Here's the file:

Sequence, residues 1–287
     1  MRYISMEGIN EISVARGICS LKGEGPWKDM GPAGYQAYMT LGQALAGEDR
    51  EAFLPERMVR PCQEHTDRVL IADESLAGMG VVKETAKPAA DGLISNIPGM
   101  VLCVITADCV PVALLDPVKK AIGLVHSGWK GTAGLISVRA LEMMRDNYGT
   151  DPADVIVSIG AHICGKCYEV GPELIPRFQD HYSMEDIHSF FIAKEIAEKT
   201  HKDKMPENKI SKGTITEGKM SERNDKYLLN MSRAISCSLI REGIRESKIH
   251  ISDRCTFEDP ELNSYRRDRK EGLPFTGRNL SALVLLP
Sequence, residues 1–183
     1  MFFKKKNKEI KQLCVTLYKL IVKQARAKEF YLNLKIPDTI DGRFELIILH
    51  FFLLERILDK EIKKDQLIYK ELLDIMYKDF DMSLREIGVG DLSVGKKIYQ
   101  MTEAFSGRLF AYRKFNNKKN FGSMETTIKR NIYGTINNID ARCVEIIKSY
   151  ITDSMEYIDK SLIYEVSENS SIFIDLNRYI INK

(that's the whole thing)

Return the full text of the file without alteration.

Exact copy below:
Sequence, residues 1–287
     1  MRYISMEGIN EISVARGICS LKGEGPWKDM GPAGYQAYMT LGQALAGEDR
    51  EAFLPERMVR PCQEHTDRVL IADESLAGMG VVKETAKPAA DGLISNIPGM
   101  VLCVITADCV PVALLDPVKK AIGLVHSGWK GTAGLISVRA LEMMRDNYGT
   151  DPADVIVSIG AHICGKCYEV GPELIPRFQD HYSMEDIHSF FIAKEIAEKT
   201  HKDKMPENKI SKGTITEGKM SERNDKYLLN MSRAISCSLI REGIRESKIH
   251  ISDRCTFEDP ELNSYRRDRK EGLPFTGRNL SALVLLP
Sequence, residues 1–183
     1  MFFKKKNKEI KQLCVTLYKL IVKQARAKEF YLNLKIPDTI DGRFELIILH
    51  FFLLERILDK EIKKDQLIYK ELLDIMYKDF DMSLREIGVG DLSVGKKIYQ
   101  MTEAFSGRLF AYRKFNNKKN FGSMETTIKR NIYGTINNID ARCVEIIKSY
   151  ITDSMEYIDK SLIYEVSENS SIFIDLNRYI INK